Movies and television programs are always fun to watch and are great diversions, but they are never to be taken seriously. This is likely due to the fact that such fare intends foremost to entertain. In this context, then, artistic liberty takes precedence, even when the content claims to promote a sense of realism. Audiences, especially professional researchers, must always remember that point. Unless the research conducted pertains to entertainment, movies and television are not reliable resources for factual information.

That’s not to say that such media offer no valuable insight worthy of intellectual consideration. Frasier was a long-running television series known for its high-brow content dealing with real life issues and personal growth; yet it should be noted that the show was a comedy written and produced to entertain above all else. Viewers are wise not to depend on the show as an authority on psychiatry or to promote therapeutic treatment, though the insights shared do offer watchers an opportunity for personal reflection. Still, everyone should remember that this example serves as a means of artistic expression, not a professional or academic contribution to the behavioral sciences.

As for full-length features, films depicting historical events do not guarantee complete factually based content. The Titanic (one of my specialties, as my readers already know) is an ideal example. The actual event caught the world by storm in April of 1912. Over time, the ship and its story would achieve the status of legend. As a result, the tragedy has inspired no fewer than eight different cinematic incarnations, none of them conveying the reality to a point of indisputability. Yes, many aspects still remain unknown, spurring off personal interpretations that play a role in story progression. This is one reason why movies offer nothing beyond face value. Where gaps or uncertainties exist, filmmakers take artistic liberties for dramatic effect. This is even the case with established specifics (i.e. facts); filmmakers quite often initiate changes in certain details to enhance plot elements, such as suspense and intrigue. Numbers and rating are priority, not scholarly advancement.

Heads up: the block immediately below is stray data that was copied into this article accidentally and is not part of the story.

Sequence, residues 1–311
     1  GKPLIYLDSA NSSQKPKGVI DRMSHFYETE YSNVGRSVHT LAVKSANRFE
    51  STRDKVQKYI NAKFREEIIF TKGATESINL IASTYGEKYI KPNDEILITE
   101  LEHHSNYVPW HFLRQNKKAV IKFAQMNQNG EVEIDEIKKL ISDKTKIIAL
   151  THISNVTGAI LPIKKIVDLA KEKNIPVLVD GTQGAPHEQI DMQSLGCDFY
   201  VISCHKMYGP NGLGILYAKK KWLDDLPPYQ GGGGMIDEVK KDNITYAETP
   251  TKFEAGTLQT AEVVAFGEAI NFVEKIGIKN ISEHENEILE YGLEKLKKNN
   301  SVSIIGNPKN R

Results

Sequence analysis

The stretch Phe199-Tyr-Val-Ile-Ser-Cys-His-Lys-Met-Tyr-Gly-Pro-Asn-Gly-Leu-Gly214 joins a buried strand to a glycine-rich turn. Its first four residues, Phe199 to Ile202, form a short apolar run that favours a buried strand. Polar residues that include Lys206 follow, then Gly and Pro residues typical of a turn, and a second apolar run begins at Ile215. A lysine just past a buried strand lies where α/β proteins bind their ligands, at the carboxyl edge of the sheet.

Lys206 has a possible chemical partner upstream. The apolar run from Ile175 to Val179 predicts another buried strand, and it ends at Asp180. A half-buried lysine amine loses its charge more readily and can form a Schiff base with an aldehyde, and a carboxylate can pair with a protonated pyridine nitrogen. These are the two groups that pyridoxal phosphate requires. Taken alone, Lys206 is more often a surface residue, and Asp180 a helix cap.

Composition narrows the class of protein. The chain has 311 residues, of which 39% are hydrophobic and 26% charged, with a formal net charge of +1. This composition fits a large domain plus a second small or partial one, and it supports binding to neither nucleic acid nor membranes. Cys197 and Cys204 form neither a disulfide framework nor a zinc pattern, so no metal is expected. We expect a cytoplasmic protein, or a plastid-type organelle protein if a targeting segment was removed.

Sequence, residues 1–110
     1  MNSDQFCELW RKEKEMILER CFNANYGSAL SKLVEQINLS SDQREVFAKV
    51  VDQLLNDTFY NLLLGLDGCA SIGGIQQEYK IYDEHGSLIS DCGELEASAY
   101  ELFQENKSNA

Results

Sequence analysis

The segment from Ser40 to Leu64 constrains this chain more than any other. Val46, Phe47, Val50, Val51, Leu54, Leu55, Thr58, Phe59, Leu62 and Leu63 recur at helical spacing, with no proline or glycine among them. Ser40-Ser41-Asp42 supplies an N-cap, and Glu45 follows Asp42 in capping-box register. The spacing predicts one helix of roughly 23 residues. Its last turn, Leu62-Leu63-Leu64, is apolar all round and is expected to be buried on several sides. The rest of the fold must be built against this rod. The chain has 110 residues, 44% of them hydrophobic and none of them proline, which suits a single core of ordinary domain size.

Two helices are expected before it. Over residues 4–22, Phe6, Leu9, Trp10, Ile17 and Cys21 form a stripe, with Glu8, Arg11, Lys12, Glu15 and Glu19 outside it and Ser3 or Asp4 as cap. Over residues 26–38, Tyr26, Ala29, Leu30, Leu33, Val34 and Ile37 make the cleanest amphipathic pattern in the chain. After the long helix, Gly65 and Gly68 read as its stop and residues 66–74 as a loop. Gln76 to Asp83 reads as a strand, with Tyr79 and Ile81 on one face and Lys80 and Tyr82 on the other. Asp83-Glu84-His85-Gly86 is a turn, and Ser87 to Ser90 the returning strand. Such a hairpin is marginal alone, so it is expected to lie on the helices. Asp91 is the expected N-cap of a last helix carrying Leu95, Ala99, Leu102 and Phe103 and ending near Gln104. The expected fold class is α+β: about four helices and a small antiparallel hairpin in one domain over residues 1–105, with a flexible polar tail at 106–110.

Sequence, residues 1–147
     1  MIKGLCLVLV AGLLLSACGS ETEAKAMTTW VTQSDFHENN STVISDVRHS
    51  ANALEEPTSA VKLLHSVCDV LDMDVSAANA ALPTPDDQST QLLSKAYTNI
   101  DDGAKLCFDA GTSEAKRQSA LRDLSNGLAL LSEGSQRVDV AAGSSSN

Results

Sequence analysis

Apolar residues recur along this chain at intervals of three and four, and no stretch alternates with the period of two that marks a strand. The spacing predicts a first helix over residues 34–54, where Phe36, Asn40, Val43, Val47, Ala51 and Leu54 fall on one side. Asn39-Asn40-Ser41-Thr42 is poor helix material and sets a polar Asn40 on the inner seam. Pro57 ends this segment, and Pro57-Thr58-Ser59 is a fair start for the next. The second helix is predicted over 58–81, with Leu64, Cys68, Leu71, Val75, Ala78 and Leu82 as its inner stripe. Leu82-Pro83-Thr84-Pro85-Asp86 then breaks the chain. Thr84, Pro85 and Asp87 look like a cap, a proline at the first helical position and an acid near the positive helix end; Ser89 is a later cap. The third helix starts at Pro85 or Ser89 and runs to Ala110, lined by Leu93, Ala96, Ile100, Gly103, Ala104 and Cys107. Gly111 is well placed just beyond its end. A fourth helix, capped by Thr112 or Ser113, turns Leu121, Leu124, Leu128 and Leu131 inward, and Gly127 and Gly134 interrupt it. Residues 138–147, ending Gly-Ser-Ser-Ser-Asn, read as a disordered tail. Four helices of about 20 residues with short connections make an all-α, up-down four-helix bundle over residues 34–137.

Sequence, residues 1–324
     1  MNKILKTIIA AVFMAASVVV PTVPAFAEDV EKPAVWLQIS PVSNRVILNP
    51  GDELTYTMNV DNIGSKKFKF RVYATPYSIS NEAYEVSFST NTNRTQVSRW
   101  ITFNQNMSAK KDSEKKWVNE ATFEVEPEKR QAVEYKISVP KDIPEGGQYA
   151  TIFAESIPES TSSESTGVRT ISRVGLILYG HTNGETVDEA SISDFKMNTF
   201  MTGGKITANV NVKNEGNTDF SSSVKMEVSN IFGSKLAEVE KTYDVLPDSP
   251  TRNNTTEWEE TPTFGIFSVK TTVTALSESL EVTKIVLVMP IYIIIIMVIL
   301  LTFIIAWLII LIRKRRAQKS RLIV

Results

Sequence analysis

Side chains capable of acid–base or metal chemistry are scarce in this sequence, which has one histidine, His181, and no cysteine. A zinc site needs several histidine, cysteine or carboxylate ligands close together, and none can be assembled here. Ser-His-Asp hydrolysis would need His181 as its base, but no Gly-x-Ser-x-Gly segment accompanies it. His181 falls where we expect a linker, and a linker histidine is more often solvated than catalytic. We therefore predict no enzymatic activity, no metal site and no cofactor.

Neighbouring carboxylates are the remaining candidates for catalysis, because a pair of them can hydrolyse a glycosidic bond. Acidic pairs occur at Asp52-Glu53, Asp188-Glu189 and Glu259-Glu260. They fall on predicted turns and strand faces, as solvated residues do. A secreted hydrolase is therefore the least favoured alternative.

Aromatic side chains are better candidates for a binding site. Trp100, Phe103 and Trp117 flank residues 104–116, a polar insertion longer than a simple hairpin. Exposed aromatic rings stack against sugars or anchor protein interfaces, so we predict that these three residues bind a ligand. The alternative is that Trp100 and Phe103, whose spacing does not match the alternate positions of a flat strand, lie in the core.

Some argue that filmmakers, like James Cameron, conduct research for their historical pieces like Titanic. That is true, but Cameron’s purpose first and foremost is financial, as his films require a substantial return on the initial investment put into production, such as set creation, computer graphics and, of course, performer compensation. If this return is not met, the company loses money.

One must consider also the fictional aspects involved. The central characters of Jack and Rose in Titanic are a great example. Neither of these individuals ever existed, nor were they on board the Titanic. Creating fictional characters in their own fictional story allowed Cameron the means to spread his artistic wings and build suspense and drama as he saw fit, including the impossibility of a romance between a first-class and third-class passenger. Adolescents and young adults between 13 and 30 comprised the bulk of Cameron’s target audience, and so he needed to appeal to the idealism of those in this age range in order to draw them into the story. In doing so, he ensured the movie’s popularity, its eleven subsequent academy awards and the ongoing financial returns. The fiction of the project made this happen, not the reality of the actual event that had inspired it. Since Cameron foresaw this, his sense of artistic liberty superseded the research he conducted. His research served only to create a sense of realism without adhering to all the facts involved.